• Michael Myers from the Halloween films is never given a concrete motivation (they're always retconned) and Dr. Loomis, his psychiatrist, is convinced that Myers is pure evil, plain and simple. Moreover, he isn't even shown to enjoy his actions. Apparently, he murders people for literally no reason, which makes him all the more frightening.

    Doctor Loomis: I met him fifteen years ago. I was told there was nothing left. No reason, no conscience, no understanding; even the most rudimentary sense of life or death, good or evil, right or wrong. I met this six year old child with his blank, pale, emotionless face... the blackest eyes, the Devil's eyes. I spent eight years trying to reach him, and then another seven trying to keep him locked up because I realized what was living behind that boy's eyes was purely and simply evil.

    • Despite the (former) picture above, Agent Smith is an aversion. He may do a huge amount of evil things, but he does them for a simple reason:

    Agent Smith: More.

      • In the first film Agent Smith's motivation is simply entirely self-serving: "I hate this place. This zoo. This prison. This reality, whatever you want to call it, I can't stand it any longer. It's the smell, if there is such a thing. I feel saturated by it. I can taste your stink and every time I do, I fear that I've somehow been infected by it." In the sequels his motives start sliding to that direction. It's clear at the very end of the trilogy that for all the philosophical nihilistic extracurricular motives he claims to be acting on, Smith doesn't really understand WHY in hell he is doing what he does, but he does seem to enjoy himself in the process.

    Bane: (being assimilated into Smith) Oh, God...
    Agent Smith: Mmm. "Smith" will suffice.


    Daisy: The little old beetle goes 'round and 'round. Always the same way, y'see, until it ends up right up tight to the nail. Poor old thing!
    Sgt. Howie: 'Poor old thing'? Then why in God's name do you do it, girl?


    Gabriel: I kill firstborns while their mamas watch. I turn cities into salt. I even, when I feel like it, rip the souls from little girls, and from now till kingdom come, the only thing you can count on in your existence is never understanding why.

    • Chad in In the Company of Men. When asked why he manipulated a deaf woman into a love triangle, he says "Because I could."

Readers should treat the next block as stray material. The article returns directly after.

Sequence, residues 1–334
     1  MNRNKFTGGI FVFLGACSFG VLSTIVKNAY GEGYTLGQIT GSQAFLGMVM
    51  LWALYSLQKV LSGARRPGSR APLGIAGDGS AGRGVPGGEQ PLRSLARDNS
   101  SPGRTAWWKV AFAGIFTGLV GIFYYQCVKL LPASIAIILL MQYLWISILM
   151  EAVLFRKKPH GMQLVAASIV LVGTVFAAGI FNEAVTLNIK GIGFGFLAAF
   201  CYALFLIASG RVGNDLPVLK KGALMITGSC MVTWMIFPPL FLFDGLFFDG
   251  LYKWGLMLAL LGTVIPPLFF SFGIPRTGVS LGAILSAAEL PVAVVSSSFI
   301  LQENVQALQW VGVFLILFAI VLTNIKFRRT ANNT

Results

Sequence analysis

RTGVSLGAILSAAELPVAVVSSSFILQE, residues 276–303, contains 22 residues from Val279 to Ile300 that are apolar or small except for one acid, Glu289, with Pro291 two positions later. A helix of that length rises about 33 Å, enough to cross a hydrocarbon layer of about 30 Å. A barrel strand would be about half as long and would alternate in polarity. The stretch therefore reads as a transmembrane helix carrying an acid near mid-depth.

• Alex from A Clockwork Orange has no other motive for his rape and ultraviolence than that he enjoys it. This actually brings him into conflict with the rest of his gang when they start to insist that their crimes yield a more substantial payout.
    • A deleted scene in Dogma revealed that the triplets from Hell died, when they were being carted to Juvenile Hall for bashing in a baby's head to see what it would look like.
    • Josie and the Pussy Cats, of all places. As soon as the band and Wyatt meet he is nothing but rude and dismissive of Valerie, to the point of leaving her by the side of the road when their car starts (He thought she was "already in") and delivering only two party invitations instead of three (Well, she could still come anyway). Towards the end of the film she learns too much, so then he begins to deliberately try to push her out of the picture for the sake of the evil plan, but for the first hour there is absolutely no goal or plan, he seems to be doing it just to watch her squirm.
    • The villain in The Vanishing is an emotional blank slate. The greatest high of his life was when he saved his daughter from drowning. Now he wants to see if he can get a similar high from doing something really evil.
    • In The Crow, Top Dollar gives a speech about how profiting from Devil's Night has grown boring to him, and the criminals of the city should sow mayhem purely for the evil of it.
    • In Space Buddies, Mr. Finkle is given absolutely no motivation for attempting to sabotage the mission when it could have been as easy as just having one line about him being a double agent for the Russians or something.
      • The Search for Santa Paws has Ms. Stout, the evil head of the orphanage who hates Christmas. She isn't even given a Freudian Excuse, she just hates Christmas for no reason. And she destroys any toys and decorations she finds in the orphans' possession. The only thing she does with an actual motivation is attempt to run off with her boyfriend with embezzled money and leave the orphans by themselves.
    • Paranormal Activity: Katie's demon. Honestly, it slams the door shut then bangs on the other side of it just to fuck with them. Indeed, Katie even acknowledges this trope when she asks "Do you think it would have left footprints if it didn't want to? Do you think it would do ANYTHING if it didn't want to?" In the 2007 ending, the demon fucks with them one last time. Just before the police discover Katie, a light down the hall is turned on and then turned off. The police end up shooting Katie because they were startled by the sound of someone slamming a door behind them.
    • This is discussed in Scream, which was big on lampshading various horror film Tropes. Randy points out how about halfway through the film that in most horror movies "Motives are incidental." The eventual killer does have one (rather flimsy) motive for the carnage he unleashes, but does lampshade this fact.

    Billy: I don't really believe in a motive, Sid. I mean, did Norman Bates have a motive? Did we ever find out why Hannibal Lector liked to eat people? Don't think so! See, it's much scarier if there's no motive.

      • Also, Stu (the second killer) has the following exchange with Sidney:

    Sidney: (over phone) So Stu, what's your motive- I mean Billy's got one, the police are on the way. What're you gonna tell them?